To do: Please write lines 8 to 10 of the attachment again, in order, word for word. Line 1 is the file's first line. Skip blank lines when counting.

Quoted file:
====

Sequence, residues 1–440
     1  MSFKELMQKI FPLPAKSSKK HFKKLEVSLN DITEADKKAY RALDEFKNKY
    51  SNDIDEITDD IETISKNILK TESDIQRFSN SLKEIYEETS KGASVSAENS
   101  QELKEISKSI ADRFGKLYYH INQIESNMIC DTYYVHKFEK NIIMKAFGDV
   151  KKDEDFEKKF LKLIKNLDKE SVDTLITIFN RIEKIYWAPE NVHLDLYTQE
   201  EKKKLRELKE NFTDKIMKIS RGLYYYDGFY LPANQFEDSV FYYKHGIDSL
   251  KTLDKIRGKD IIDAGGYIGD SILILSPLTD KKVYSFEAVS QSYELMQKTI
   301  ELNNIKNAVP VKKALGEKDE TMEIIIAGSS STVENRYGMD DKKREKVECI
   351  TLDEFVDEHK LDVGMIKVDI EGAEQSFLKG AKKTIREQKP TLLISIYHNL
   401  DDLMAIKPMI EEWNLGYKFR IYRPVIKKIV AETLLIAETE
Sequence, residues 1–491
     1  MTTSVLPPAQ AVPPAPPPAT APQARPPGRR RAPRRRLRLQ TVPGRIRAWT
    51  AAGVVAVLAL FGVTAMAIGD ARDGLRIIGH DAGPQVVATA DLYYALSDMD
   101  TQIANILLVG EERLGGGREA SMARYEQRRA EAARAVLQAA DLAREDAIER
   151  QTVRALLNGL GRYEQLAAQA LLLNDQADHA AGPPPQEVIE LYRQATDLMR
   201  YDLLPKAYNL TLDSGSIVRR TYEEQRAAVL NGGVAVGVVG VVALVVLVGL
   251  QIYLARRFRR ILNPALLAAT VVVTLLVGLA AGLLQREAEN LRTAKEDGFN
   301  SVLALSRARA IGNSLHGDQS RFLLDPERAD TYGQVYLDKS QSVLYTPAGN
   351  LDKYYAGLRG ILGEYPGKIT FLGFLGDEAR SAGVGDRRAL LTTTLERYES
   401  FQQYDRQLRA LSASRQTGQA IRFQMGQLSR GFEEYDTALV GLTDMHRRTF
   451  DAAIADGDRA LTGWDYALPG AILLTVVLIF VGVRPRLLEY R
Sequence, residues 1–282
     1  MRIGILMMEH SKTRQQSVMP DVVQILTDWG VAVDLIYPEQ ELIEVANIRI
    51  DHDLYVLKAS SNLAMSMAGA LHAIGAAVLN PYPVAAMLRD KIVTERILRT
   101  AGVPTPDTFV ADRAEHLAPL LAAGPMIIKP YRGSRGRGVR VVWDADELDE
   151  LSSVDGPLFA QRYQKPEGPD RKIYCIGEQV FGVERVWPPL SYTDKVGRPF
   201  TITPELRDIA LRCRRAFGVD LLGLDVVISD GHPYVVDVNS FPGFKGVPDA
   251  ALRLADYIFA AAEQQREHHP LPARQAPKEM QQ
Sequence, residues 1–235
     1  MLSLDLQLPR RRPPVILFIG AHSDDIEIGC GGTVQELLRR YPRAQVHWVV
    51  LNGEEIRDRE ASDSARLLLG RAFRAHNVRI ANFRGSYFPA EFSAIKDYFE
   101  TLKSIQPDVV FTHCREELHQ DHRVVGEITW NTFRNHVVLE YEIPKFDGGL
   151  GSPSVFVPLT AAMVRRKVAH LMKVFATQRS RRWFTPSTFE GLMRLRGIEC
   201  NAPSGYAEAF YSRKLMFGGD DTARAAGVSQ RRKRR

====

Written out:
   301  ELNNIKNAVP VKKALGEKDE TMEIIIAGSS STVENRYGMD DKKREKVECI
   351  TLDEFVDEHK LDVGMIKVDI EGAEQSFLKG AKKTIREQKP TLLISIYHNL
   401  DDLMAIKPMI EEWNLGYKFR IYRPVIKKIV AETLLIAETE